Written by Caroline Dowling and Modesta Abugu. Caroline Dowling (@CarolineD0wling) is a Plantae Fellow and a PhD candidate at University College Dublin in Ireland, researching hemp flowering, development, and genomics. Modesta Abugu (@modestannedi) is an ASPB Conviron Scholar and a master’s student at the University of Florida researching flavor improvement in modern tomatoes. 

As graduate students, poster presentations are the easiest way to showcase our research findings to the wider plant community. While both of us have had fantastic experiences presenting traditional posters pre-COVID, the prospect of presenting an iPoster at PlantBio20 had us somewhat nervous with the uncertainty of what to expect from the experience. Here, we seek to highlight our iPoster experiences and let you in on some lessons we’ve learned from presenting virtual posters versus that of the traditional format.

Firstly, the iPoster came with a range of templates that were easy to edit and navigate, and this was one less thing to worry about when compared to designing a physical poster. The additional features of adding voice recordings, videos, GIFs, unlimited photos, and text helped to make our posters infinitely more interactive than a printed one. It was relatively easy to make our posters stand out. Furthermore, the expandable boxes allowed a lot of content but did not give the poster an overcrowded appearance. A traditional poster with a similar amount of text would have sent everyone running in the opposite direction!

The virtual format also facilitated us graduate students to use one of our most finely honed skills: multitasking! On the day of the conference dedicated to poster presentations, we could monitor our own poster chat boxes while also interacting with other presenters at their posters simultaneously. At traditional poster sessions, one can easily miss out on interacting with other presenters as you fear that if you leave your poster unattended you may miss out on fruitful discussions with people who are interested in your work.

The alternative format also facilitated different avenues for engagement such as the option to receive a copy of the presenter’s poster via email, which initiated email discussions. This provided easy access to a list of people who are interested in the work and might be conducting similar research, thus prompting collaboration discussions.

In the end, the online format ended up being less nerve-wracking than the traditional poster session. When asked questions the luxury of time was added- you can actually think and process the question rather than trying to come up with an immediate, eloquent response on the spot. Plus, you could Google something you were unsure of in the questions asked. Another advantage was the written record of any questions asked as well as the responses you gave. At a normal in-person poster session you may not have a notebook to jot down that interesting question you were asked, and it is undoubtedly forgotten after the hour of questions from others.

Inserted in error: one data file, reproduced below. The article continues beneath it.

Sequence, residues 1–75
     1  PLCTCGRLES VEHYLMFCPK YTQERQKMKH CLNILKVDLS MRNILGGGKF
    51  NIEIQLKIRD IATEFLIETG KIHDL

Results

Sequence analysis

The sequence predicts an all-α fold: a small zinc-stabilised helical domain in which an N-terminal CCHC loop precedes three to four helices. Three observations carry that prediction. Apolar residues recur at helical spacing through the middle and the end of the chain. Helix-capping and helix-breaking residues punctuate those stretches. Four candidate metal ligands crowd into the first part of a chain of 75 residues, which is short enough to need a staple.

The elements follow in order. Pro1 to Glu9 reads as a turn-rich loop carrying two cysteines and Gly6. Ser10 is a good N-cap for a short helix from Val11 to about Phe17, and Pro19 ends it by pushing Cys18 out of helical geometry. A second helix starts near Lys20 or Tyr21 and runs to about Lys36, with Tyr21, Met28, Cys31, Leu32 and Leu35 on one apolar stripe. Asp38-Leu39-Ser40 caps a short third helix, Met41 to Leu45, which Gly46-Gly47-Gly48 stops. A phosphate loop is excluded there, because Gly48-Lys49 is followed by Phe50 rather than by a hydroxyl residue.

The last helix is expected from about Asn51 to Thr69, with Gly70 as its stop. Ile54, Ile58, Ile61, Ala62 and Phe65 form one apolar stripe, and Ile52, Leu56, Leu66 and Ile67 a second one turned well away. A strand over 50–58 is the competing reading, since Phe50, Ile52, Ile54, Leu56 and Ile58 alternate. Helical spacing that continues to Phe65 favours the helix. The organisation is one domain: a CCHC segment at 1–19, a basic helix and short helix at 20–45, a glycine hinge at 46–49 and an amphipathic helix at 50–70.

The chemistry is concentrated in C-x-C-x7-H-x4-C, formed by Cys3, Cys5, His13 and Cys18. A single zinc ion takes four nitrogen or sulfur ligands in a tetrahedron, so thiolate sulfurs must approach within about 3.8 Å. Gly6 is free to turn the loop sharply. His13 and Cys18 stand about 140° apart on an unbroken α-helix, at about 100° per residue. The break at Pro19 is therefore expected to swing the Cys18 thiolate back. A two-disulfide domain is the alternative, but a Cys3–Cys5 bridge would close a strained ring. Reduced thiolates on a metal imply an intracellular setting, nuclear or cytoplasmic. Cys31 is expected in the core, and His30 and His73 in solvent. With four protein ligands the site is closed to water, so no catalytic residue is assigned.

Another luxury was being able to update the poster throughout the conference. Any new results or images could be readily inserted, and no need to fear that one typo that you inevitably miss before printing your poster- everything can be rectified in 30 seconds with the virtual format!

From environmentally conscious and financial perspectives, the virtual format saves resources and costs. How often is a $50 poster printed for a single conference and then rolled up under your reading room desk for six months? (ahem speaking of other people we know of course…)

An additional perk of the virtual poster is getting a DOI. There are no excuses grad students- you can finally start sprucing up that Google Scholar account!

But on a more serious note, here are some lessons we have learned that we hope will help you with your future virtual poster presentations:

  1. Take it seriously: Even though your poster could appear hidden amid other amazing posters, participants would be able to find you and see your research. In fact, it is easier to point out errors in iPosters than physical posters.
  2. Promote yourself: The Twitter world is full of networking opportunities. Invite conference participants to view your poster through sharing information about it on social media. When you do, be sure to practice your presentation and be ready to answer questions both on Twitter and during the poster live chat session. Here is an amazing line up of iPoster tweets from #PlantBio20.

3. Align contents: It’s important to ensure that the content of your poster aligns with the audio, photo, and video files you’ll be uploading. Focus on content that will improve the understanding of your methods, results, and conclusions. The iPoster format allowed the presenter to keep updating content which made it more current than a physical poster.

4. Be confident and be prepared to answer questions: With the online format, it was less nerve-racking answering questions. The iPoster presented the opportunity to look up answers to certain technical questions which may not be clear at the moment. However, you cannot totally depend on Google- you need to be able to give prompt replies and responses to cultivate fruitful conversations.

5. Don’t be discouraged: Don’t be disappointed if participants do not reach out to you on your poster. This experience is the same with physical posters where people walk by and have no questions for you. Add a note to encourage viewers to reach out to you via email or Twitter should they miss your live chat hours. Remember: the most important thing is the contribution you have made to the research community by putting your work out there. Be proud of it!